How backlash against cheap Chinese imports has propelled Europe’s new right-wing populism
The value of European imports from China more than tripled between 2001 and 2016, hitting local manufacturers and leading to job losses
After decades of dismantling barriers, Europe is finding free trade comes with political tariffs.
For all the focus on the backlash against migrant workers, research by two academics shows the regions of Europe hit by cheaper imports and related job losses are fertile ground for groups that echo US President Donald Trump’s protectionist rhetoric. From the Netherlands, through eastern France, northern Italy and parts of Austria, support for populist parties that have transformed the political landscape is among the strongest.
“There is a significant link between how exposed regions are to Chinese imports and support for radical right parties,” said Italo Colantone, assistant professor of economics at Bocconi University in Milan and co-author of a paper looking at the impact of globalisation on European voting. “There’s an impression that Wall Street or the big companies benefit from free trade, but many people feel they are losing out.”
Across Europe, while sentiment toward globalisation remains broadly positive, opposition to free trade is growing in some countries, a Eurobarometer survey showed last year. It is influencing politics as opponents try to staunch rising support for nationalist agendas.
In France, candidates in the presidential election are trying to check the momentum of far-right National Front leader Marine Le Pen, who calls free trade a disaster. Former Economy Minister Emmanuel Macron, who is leading in some polls, said he would introduce a “Buy European Act” to limit public contracts to companies with at least half their operations in Europe.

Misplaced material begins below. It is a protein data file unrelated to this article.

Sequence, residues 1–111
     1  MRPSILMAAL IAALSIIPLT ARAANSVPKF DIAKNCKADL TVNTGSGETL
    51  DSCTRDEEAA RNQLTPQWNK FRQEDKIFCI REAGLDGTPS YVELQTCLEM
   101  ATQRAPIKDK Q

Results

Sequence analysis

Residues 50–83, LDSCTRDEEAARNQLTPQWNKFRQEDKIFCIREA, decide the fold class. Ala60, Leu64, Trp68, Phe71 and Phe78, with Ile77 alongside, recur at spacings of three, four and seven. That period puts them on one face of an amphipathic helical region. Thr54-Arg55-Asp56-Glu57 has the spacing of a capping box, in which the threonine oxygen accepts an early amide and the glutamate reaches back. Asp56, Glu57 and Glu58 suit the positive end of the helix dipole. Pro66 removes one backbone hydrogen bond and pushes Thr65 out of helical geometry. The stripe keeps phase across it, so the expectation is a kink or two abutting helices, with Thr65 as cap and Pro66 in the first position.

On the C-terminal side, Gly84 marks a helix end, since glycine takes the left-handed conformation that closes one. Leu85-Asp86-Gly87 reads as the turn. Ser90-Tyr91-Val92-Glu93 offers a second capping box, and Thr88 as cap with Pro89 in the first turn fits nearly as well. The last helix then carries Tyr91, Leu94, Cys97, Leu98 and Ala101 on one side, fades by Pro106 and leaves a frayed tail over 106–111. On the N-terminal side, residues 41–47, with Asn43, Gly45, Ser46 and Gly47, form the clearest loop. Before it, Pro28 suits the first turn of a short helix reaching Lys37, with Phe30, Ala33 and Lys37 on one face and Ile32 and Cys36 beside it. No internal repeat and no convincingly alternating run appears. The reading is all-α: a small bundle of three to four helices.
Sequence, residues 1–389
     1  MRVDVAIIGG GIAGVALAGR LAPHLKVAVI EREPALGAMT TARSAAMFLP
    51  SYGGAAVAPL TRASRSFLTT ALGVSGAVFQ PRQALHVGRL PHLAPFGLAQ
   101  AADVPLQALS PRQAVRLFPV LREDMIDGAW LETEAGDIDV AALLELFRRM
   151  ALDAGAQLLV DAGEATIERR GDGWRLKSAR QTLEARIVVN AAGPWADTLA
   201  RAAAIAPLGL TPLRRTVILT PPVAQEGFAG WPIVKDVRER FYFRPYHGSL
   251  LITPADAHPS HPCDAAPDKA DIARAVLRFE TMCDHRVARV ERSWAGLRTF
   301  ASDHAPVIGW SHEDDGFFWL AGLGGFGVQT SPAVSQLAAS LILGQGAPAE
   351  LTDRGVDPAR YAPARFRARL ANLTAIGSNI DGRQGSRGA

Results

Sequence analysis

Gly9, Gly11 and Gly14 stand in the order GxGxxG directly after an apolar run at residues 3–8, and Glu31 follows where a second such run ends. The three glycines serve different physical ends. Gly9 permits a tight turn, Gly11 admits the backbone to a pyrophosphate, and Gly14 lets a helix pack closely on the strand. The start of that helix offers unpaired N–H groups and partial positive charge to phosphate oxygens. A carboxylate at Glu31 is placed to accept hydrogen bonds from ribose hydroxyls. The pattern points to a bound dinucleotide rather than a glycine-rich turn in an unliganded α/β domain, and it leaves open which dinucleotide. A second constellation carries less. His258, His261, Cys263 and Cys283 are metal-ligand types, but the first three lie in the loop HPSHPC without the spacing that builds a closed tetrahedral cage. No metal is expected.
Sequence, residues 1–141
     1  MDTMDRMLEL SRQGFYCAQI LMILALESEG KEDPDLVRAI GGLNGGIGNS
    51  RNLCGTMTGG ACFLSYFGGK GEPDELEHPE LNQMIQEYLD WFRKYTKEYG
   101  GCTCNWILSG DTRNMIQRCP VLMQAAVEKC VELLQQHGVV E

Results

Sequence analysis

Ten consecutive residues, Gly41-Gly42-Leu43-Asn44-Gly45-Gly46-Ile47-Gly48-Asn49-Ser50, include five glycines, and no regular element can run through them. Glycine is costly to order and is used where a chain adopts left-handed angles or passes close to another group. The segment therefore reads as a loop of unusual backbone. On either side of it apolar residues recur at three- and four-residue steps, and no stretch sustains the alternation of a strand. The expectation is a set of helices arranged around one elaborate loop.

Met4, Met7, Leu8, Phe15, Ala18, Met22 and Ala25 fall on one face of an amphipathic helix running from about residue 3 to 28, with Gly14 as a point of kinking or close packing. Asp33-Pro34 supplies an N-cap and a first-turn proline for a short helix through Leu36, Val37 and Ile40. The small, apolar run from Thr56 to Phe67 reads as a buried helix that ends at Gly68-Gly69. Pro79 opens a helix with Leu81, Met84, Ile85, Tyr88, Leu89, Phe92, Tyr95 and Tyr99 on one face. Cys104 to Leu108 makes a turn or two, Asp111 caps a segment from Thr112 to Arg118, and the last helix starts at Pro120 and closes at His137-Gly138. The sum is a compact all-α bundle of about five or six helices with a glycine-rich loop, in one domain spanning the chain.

It follows the US campaign, where defeated Democrat candidate Hillary Clinton responded to Trump by backing away from the Trans-Atlantic Trade and Investment Partnership, a new accord between the US and Europe aimed at easing non-tariff barriers.
Roberto Calletti is one former businessman who says Europe’s success in opening borders to free trade has failed him.
Calletti lost his family-run shoe-making firm near Lucca in Tuscany about 15 years ago after Italy removed tariffs on imports from emerging markets and prepared to adopt the euro. Now, he supports the anti-immigrant Northern League, which calls for Italy to ditch the single currency.
“I always thought that liberalisation would drive us against a wall,” said Calletti, 58. “We need to restore tariffs to give breath to local manufacturing. This in turn will create jobs in Italy and kick-start the economy.”
In their report, published earlier this year, Colantone and co-writer Piero Stanig say a surge of imports from China hitting local manufacturers and subsequent job losses are among the key factors. The value of European imports from China more than tripled between 2001 and 2016.
Yet, for all that Le Pen and her fellow populists try to conjure up an image of “European carnage” across the continent along the lines evoked by Trump’s inauguration speech, the EU is unlikely to redraw the trade map.
“While we might see a slightly tougher tone with the Chinese, the EU has been built on a commitment to multilateral institutions,” said Kevin O’Rourke, professor of economic history at University of Oxford. “It could be the last man standing when it comes to free trade.”
The dissenting voice is just getting louder. In Austria’s northern industrial heartland once dominated by the steel industry, the nationalist Freedom Party is now the junior government partner in the region after doubling its support in 2015.
In the Netherlands, the historical home of free trade stretching back to the 17th century, polls show populist Geert Wilders among the front runners as the March 15 election approaches.
Italy’s Northern League leader Matteo Salvini said he shares Trump’s protectionist agenda and praised his pledge to reinstate border tariffs. The party is competing with Forza Italia of former prime minister Silvio Berlusconi for leadership of a possible centre-right alliance in the next election, which could come as early as this year.
As Calletti, who now works as a consultant in the shoe business after legal issues related to his company’s bankruptcy, put it: “There’s nothing wrong in saying that our economy is different from Germany’s or China’s.”